November 18, 2020
Devin Olsen is a self-described “obsessed” fly fisher. His official indoctrination into the sport came on the banks of Slough Creek at age 9 when he caught a cutthroat on an ant pattern, and completely ruined his life. In the days since, Olsen has established a stellar reputation as a competitive fly fisher. He made it onto Fly fishing Team USA in 2006, and humbly credits these competitions with his rapid advance through the sport.
I recently spoke with him in a casual phone conversation and was immediately put at ease by his easygoing demeanor and obvious mastery of the fly-fishing game. Like many of his teammates, Olsen has every right to be one of those cocky young anglers, because he has the skill set to back it up—but you would never know it from talking to him. Actually, all the competitive anglers I have met are excellent stewards of the sport. They are humble, helpful, and immensely competent. Devin Olsen is no different.
Once we’d gotten through the formalities and introductions, as well as a little background on this fly pattern, I asked Olsen about the attraction of competitive fly fishing. From my own limited point of view, competitive fly fishing just isn’t for me—I am far too anxious and egotistical for this sort of thing. But I have always wondered why anyone would want to get into this arena. Olsen’s answer was a shining beam of light for me. He explained all the benefits of competitive fly fishing, and cited the opportunities to travel all around the world, fish varied waters, and learn a huge range of new fishing techniques from other like-minded anglers across the globe. The overwhelming takeaway I got from talking with Olsen was that the competitions were fun, and the camaraderie was the best part. I guess I have been looking at this whole thing all wrong (what a surprise).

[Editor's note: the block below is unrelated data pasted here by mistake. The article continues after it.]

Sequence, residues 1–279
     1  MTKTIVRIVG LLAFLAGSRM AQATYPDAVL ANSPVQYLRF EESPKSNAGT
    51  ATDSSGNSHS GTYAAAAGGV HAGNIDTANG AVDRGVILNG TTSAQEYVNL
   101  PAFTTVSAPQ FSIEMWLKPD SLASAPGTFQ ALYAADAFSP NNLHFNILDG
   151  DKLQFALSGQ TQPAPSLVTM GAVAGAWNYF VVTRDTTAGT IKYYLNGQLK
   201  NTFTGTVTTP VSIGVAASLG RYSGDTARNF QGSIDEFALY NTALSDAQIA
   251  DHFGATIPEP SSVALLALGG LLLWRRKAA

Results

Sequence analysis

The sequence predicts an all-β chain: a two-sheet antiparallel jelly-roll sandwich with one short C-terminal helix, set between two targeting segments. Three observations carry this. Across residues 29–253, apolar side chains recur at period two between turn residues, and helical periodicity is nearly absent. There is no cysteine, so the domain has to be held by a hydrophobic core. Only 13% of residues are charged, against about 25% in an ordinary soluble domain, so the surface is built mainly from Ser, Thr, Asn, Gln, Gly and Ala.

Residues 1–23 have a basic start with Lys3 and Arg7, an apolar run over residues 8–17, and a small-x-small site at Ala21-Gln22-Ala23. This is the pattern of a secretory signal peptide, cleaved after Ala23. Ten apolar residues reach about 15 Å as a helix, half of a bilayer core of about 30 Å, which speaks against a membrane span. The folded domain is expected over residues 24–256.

Olsen beamed with pride when he told me he has an open invitation to fish across the globe with world-class anglers, and he reciprocates with invitations to them. He considers it an opportunity to show off our fishing here in the U.S.A.
So rather than a secretive bunch of fly fishers trying to outdo the others, the competitive fly-fishing scene seems to be far more open, and the competitors eagerly share their techniques and patterns. It is something a lot of us old guys could take a lesson from.
The Blowtorch is Olsen’s derivative of a pattern shown to him by Czech competitor Michael Adamcik. The Czech version called a Tag Nymph features a short hot spot tail, peacock body, and soft hen hackle collar. Of course, like any self-respecting tier, Olsen had to tweak it a bit and make it his own—a heavy, jigged nymph with dual hot spots and an undulating CDC collar separated by a durable Ice Dub body with a flashy rib.
Adamcik recommended the original pattern for a particular stretch of the Vltava River where chubs are the primary catch, but Olsen immediately recognized the crossover potential for trout on his home streams. He has since fished the pattern everywhere, and rates it among his top three flies for trout anywhere in the world.
While I have studied the commercial versions of Olsen’s patterns, I always find it prudent to ask for tying tips from the originator whenever I have the opportunity. Olsen gracefully offered that most folks overdress this fly, and cautioned to be Spartan with the materials—a suggestion that does not surprise me at all. Competitive fly fishers favor “bare essence” style flies with nothing frivolous. Everything serves a purpose.